Table of Contents
ISRN Pediatrics
Volume 2013, Article ID 824781, 7 pages
http://dx.doi.org/10.1155/2013/824781
Clinical Study

Clinical Asthma Phenotypes and Therapeutic Responses

1Allergy, Clinical Immunology and Respiratory Medicine Unit, Faculty of Medicine, Mansoura University, P.O. 35516 Box 50, Mansoura, Egypt
2Pediatric Department, Faculty of Medicine, Mansoura University, P.O. 35516, Mansoura, Egypt
3Clinical Pathology Department, Faculty of Medicine, Mansoura University, P.O. 35516, Mansoura, Egypt
4Pharmacology Department, Faculty of Pharmacy, Mansoura University, P.O. 35516, Mansoura, Egypt

Received 12 January 2013; Accepted 13 February 2013

Academic Editors: T. V. Brogan and S. Fanconi

Copyright © 2013 M. Zedan et al. This is an open access article distributed under the Creative Commons Attribution License, which permits unrestricted use, distribution, and reproduction in any medium, provided the original work is properly cited.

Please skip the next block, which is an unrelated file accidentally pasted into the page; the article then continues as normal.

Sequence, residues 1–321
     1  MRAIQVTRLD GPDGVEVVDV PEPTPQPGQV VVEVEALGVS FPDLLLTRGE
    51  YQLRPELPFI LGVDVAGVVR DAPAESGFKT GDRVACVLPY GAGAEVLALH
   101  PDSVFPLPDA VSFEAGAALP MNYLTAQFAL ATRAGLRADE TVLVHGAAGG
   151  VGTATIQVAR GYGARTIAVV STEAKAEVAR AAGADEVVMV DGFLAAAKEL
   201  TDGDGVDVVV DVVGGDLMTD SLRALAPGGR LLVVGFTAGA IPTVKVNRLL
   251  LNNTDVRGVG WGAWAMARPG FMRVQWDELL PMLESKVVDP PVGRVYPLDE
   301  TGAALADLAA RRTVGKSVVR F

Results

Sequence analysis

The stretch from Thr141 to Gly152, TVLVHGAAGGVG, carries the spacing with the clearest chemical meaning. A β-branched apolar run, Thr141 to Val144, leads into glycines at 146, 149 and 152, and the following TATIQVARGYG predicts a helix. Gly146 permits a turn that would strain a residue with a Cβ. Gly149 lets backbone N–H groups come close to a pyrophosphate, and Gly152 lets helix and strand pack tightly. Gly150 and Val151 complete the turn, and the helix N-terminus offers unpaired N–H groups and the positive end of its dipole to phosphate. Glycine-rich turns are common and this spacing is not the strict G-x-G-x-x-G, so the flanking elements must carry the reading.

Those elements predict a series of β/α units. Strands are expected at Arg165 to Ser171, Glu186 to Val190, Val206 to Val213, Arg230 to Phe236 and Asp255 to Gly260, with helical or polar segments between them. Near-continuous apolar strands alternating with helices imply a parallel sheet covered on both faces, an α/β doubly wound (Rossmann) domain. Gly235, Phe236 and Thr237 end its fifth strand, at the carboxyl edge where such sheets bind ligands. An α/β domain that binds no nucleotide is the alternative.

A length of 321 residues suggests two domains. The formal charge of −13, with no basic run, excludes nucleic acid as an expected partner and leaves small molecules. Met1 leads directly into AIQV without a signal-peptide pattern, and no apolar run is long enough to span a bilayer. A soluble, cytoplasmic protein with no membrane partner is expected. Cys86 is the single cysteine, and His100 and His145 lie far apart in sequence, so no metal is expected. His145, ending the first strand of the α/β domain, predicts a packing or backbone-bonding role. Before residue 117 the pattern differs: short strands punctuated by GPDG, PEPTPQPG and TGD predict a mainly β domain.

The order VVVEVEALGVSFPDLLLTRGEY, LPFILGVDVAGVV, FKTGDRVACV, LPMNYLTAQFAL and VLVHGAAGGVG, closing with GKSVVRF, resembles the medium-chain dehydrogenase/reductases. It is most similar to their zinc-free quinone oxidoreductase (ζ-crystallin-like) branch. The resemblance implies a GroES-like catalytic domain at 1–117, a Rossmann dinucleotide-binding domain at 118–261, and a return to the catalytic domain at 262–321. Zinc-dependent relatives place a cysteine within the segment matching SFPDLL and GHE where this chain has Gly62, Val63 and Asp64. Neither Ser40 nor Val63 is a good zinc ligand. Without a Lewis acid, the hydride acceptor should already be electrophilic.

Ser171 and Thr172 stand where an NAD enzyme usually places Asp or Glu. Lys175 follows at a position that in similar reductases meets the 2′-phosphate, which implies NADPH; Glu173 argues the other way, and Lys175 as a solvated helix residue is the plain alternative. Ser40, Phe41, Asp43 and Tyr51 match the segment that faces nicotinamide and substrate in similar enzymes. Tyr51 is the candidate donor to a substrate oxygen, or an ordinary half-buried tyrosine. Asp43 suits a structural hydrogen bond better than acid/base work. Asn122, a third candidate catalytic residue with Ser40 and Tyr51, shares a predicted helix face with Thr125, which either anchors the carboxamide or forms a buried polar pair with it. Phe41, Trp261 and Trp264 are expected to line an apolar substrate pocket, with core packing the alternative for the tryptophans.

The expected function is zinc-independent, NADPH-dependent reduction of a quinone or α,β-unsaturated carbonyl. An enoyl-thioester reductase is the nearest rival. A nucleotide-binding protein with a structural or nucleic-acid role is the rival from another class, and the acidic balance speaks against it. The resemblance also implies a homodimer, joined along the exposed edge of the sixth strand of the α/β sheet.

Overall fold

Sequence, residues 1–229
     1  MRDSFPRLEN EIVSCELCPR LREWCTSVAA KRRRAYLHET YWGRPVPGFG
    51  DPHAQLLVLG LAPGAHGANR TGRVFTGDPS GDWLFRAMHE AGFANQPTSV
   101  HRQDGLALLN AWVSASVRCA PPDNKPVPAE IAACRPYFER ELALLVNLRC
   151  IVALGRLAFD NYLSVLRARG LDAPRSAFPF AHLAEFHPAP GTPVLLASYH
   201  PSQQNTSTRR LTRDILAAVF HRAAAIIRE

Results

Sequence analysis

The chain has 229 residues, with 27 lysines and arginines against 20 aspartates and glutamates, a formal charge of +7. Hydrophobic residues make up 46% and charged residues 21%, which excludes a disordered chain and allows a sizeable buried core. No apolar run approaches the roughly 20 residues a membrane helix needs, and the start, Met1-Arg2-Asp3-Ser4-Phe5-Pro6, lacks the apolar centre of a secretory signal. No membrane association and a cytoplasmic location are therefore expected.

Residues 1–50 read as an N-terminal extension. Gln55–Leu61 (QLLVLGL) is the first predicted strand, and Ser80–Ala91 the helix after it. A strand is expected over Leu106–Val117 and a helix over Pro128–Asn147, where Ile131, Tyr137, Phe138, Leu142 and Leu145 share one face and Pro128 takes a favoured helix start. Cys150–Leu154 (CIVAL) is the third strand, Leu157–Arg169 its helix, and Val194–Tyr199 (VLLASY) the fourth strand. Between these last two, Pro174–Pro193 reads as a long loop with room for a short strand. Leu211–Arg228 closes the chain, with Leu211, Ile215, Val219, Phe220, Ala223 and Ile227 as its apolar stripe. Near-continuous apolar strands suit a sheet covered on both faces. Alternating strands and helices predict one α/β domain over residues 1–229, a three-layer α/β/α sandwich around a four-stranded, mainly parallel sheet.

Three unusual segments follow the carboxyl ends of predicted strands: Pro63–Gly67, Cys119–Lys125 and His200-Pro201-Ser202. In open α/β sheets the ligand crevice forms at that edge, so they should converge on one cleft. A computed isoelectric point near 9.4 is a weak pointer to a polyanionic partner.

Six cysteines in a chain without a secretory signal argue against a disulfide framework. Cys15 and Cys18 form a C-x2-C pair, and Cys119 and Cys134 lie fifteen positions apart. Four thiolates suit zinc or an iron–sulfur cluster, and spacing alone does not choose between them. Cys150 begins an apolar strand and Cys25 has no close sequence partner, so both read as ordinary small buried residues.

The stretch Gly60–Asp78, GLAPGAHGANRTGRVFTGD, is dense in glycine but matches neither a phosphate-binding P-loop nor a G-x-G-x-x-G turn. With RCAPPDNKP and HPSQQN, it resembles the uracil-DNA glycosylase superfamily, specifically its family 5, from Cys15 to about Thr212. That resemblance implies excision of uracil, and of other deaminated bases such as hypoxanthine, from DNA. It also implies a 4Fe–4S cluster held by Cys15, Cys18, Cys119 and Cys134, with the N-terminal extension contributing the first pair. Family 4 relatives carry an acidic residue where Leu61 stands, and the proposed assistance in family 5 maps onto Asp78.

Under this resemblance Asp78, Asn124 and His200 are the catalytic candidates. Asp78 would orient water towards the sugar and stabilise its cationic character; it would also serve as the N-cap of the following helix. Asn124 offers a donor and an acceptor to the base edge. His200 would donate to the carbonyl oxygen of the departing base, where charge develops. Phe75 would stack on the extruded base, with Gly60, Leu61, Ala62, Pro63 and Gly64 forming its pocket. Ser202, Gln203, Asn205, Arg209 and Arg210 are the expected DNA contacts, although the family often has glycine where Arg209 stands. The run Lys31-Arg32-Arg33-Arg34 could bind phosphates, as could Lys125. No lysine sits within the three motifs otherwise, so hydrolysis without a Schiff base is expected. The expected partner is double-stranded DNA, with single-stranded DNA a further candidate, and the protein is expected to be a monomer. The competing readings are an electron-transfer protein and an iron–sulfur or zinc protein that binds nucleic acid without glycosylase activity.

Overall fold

Abstract

Asthma is a heterogeneous disease that means not all asthmatics respond to the same treatment. We hypothesize an approach to characterize asthma phenotypes based on symptomatology (shortness of breath (SOB), cough, and wheezy phenotypes) in correlation with airway inflammatory biomarkers and FEV1. We aimed to detect whether those clinical phenotypes have an impact on the response to asthma medications. Two hundred three asthmatic children were allocated randomly to receive either montelukast (5 mg at bed time) or fluticasone propionate (100 ug twice daily) for 8 consecutive weeks. Serum concentrations of IL-2Rs, ICAM-1, VCAM-1, total IgE, eosinophilic %, eosinophil cationic protein (ECP), and FEV1 were done before and after treatment to patients and once to controls. Children who have SOB were found to have higher levels of total sIgE, older age, and longer disease duration, and they responded to fluticasone alone. Cough group was found to have higher levels of eosinophilic % and sECP, younger age, shorter disease duration and responded to montelukast alone. Wheezy group showed mixed pattern and responded to both medications. Conclusion. Although there is variability in response to ICS and LTRAs, we did identify characteristics of patient that should guide the clinician in the choice of asthma medications.